Swimmers always get a little giddy when coach lets them use fins for the main set. Here are 5 things to keep in mind when using your fins.
The inherent joy that comes from wearing fins is apparent for anyone who has swum at even a novice level—the added surface area of the fins helps to supercharge our kicking and swimming speed in the water.
And if there is anything that swimmers of all abilities, from novices to Olympians, absolutely love it’s to go really, really fast.
Here are 5 things to keep in mind when you are strapping yourself up to your best pair of swim fins:
1. Wait till you are almost in the water to put them on. Swimmers aren’t the most coordinated athletes in the bunch, and this becomes especially apparent when you watch one put on a pair of fins and try to walk across the pool deck. Besides being nearly impossible to walk in, the bottom of fins usually aren’t gripped. Wait till you get in the water or are sitting on the side of the pool to strap up. Much better to not let safety take a holiday than do an impersonation of Bambi on ice.
2. Length makes a difference. When coach lets us put on fins for the next set our first instinct is to always grab the biggest set we can find. We want those whale-fluke fins. But there is a drawback with the massive flippers: the larger and longer the fin, the slower your kicking tempo. This might not seem like a big deal, for swimmers who traffic in sprint events this is an unhelpful form of training. You can get the speed effects, and the strength building aspects of fins while also maintaining a kick tempo that is close to what it would be without fins. It just means selecting a pair of swim fins that aren’t suited for divers.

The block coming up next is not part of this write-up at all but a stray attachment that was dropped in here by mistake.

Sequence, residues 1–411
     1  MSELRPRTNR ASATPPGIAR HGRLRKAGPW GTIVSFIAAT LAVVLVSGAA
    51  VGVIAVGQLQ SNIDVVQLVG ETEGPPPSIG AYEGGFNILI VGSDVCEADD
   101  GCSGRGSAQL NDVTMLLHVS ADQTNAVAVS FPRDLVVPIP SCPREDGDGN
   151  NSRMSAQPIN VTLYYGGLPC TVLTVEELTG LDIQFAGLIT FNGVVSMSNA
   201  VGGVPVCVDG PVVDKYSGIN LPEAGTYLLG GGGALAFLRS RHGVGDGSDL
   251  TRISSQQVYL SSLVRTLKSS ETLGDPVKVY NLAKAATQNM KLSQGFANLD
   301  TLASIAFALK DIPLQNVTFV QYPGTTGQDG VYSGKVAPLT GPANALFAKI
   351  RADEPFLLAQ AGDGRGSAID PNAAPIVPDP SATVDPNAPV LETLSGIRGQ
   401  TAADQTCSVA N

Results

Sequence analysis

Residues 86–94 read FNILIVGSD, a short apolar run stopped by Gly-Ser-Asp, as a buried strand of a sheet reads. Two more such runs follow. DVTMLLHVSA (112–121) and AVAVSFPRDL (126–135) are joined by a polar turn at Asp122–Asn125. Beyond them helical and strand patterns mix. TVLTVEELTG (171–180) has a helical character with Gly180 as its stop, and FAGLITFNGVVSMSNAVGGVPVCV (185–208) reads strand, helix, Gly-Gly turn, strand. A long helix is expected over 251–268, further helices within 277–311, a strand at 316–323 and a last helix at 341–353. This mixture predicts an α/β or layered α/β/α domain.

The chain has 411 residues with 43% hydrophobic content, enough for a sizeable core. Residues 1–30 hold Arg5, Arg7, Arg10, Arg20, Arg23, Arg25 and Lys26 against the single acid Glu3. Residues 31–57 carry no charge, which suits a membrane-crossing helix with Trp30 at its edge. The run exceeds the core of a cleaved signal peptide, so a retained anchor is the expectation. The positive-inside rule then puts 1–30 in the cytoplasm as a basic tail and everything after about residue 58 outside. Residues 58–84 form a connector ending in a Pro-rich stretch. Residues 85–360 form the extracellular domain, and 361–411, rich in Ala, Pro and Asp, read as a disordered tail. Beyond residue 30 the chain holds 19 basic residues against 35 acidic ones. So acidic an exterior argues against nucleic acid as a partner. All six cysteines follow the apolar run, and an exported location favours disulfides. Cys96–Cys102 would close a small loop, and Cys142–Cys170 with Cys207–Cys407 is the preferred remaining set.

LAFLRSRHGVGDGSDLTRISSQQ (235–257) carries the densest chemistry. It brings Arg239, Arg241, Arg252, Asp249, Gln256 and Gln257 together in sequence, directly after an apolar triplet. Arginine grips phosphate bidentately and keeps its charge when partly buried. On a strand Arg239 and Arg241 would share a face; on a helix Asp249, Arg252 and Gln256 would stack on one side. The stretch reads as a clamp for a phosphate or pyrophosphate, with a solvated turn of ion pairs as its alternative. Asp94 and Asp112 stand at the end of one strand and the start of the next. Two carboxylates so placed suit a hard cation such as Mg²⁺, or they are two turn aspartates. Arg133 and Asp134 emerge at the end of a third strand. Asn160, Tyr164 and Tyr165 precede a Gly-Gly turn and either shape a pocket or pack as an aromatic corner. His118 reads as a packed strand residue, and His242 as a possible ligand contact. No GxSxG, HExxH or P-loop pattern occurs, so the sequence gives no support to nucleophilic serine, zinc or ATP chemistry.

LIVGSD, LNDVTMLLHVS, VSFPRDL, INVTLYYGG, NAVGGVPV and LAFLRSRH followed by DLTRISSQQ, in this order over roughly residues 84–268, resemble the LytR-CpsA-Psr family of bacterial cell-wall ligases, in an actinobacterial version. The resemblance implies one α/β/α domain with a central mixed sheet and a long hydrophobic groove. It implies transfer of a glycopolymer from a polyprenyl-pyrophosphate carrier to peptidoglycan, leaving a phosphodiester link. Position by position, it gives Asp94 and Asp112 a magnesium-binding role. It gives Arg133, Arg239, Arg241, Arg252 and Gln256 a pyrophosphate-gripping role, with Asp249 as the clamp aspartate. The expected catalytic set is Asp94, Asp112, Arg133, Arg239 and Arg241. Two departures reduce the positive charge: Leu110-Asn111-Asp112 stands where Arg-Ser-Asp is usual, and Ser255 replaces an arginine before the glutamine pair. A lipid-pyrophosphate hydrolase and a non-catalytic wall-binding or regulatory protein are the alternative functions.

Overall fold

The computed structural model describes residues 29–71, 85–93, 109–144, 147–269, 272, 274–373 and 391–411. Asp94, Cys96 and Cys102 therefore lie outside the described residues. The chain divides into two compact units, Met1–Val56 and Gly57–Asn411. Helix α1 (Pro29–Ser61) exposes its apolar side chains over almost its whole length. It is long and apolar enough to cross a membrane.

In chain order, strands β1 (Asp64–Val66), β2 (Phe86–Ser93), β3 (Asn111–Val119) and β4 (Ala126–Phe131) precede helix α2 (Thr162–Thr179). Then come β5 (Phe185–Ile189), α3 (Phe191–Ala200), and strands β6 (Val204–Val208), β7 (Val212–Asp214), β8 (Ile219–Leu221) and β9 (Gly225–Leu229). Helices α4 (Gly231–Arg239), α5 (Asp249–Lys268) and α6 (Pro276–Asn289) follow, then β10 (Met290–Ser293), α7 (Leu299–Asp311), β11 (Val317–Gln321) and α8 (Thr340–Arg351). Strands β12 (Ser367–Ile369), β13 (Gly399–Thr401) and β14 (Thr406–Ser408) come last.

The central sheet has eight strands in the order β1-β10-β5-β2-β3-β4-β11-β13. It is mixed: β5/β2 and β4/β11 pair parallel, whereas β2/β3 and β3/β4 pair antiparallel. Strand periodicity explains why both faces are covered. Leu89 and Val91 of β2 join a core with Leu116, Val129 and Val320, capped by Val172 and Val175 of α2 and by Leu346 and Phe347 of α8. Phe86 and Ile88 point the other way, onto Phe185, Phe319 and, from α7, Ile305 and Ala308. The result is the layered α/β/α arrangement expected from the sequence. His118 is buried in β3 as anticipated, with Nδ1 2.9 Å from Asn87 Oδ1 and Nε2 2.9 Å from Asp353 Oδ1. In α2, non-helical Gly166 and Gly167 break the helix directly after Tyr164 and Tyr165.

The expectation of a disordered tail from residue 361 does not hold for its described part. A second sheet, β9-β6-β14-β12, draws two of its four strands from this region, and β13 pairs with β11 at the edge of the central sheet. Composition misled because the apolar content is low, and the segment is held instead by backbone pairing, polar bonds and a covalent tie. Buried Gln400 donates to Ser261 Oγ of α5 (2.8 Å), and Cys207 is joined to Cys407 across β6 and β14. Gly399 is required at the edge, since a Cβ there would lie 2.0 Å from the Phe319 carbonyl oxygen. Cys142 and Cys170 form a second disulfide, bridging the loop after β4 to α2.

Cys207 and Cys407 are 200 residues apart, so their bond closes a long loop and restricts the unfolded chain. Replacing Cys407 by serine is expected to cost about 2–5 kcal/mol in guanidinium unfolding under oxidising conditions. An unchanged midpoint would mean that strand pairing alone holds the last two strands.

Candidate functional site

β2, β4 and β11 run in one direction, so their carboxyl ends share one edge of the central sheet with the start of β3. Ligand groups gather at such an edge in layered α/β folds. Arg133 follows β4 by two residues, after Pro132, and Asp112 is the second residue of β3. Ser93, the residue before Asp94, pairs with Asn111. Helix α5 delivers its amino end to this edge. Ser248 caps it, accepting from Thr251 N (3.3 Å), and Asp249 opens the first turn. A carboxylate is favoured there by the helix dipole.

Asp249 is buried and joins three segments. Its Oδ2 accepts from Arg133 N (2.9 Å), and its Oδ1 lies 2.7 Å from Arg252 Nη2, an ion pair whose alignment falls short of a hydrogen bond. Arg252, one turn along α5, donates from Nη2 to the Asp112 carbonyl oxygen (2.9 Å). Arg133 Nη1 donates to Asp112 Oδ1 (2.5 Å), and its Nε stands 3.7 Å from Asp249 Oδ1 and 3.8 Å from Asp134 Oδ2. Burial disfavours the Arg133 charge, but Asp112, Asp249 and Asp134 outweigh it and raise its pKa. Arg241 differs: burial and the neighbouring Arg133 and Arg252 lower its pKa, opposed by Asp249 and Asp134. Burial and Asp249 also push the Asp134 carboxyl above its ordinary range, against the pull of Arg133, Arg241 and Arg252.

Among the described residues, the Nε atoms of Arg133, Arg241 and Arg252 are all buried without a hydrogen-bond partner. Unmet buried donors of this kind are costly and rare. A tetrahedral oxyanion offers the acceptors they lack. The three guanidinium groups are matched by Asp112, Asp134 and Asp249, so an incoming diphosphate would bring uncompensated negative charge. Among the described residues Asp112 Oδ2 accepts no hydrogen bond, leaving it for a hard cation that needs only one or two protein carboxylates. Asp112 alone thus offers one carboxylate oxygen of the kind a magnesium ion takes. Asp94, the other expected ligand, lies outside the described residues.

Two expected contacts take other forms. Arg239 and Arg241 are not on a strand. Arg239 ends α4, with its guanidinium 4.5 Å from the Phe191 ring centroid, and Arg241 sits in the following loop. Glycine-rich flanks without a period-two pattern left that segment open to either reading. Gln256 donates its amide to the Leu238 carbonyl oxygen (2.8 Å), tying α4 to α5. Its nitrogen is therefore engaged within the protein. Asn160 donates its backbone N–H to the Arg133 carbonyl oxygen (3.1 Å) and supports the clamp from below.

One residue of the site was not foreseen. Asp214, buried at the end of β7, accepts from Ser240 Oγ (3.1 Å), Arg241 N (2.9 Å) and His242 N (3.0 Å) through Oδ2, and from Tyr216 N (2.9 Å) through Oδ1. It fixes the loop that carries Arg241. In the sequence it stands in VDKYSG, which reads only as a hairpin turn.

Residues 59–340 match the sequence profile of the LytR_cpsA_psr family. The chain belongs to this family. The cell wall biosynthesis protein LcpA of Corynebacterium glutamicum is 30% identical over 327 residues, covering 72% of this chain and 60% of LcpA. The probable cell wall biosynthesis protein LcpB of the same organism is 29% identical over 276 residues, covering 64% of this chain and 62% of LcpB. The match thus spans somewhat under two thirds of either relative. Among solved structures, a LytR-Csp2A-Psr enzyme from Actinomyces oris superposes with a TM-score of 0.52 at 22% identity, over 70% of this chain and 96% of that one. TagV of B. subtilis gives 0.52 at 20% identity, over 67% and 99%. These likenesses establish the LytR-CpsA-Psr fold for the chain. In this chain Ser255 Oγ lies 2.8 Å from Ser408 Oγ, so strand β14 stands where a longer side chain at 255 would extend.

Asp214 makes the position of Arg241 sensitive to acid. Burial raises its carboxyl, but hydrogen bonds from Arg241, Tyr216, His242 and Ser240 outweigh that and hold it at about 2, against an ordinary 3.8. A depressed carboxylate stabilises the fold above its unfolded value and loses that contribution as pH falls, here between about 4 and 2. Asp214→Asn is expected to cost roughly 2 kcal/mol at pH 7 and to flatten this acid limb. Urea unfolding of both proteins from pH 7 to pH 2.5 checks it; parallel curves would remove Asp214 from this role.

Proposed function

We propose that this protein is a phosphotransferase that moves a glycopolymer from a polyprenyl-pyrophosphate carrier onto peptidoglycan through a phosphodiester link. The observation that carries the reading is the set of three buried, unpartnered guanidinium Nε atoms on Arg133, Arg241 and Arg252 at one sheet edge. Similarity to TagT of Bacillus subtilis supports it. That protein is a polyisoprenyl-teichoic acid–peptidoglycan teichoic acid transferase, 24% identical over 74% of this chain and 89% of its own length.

3. To sock, or not to sock. A really low tech way to go about making sure that you don’t get all blistered up is to put on an old pair of socks before sliding into your fins. View exhibit A of what a rubber pair of fins can do to your feet with even a moderate amount of use in swim practice:
Blisters suck. (Another reason that you should make sure that you pick yourself up a pair of fins that are made of silicone, and not rubber.)
4. Use them at the appropriate time. Believe it or not, just because you are super stoked on getting to use your fins doesn’t mean that it’s appropriate. Most swim meet warm-ups don’t allow their use, for example. And even more than a few lap swims I have attended have discouraged their use. Which makes sense—when you have one swimmer torpedo’ing across the pool with fins on things can get a little unsafe, never mind the ocean-sized swells that you send cascading into the Aquafit class in the next lane.
5. Don’t let them become a crutch for a bad kick. Developing superior kick fitness takes a lot of time and energy spent on the kickboard. Building a really fast flutter kick or dolphin kick takes a mountain of hard work, I get it. So far those swimmers whose kick ain’t so hot, or who have the benefit of choosing to use fins or not, it can be tempting to use fins for much, if not all, of their kick work. Are you using fins for a specific purpose, or are you just avoiding doing regular kicking? Your fins are a tool to help you become a better kicker and swimmer, and shouldn’t be used as a crutch, or to duck that quality kick work.
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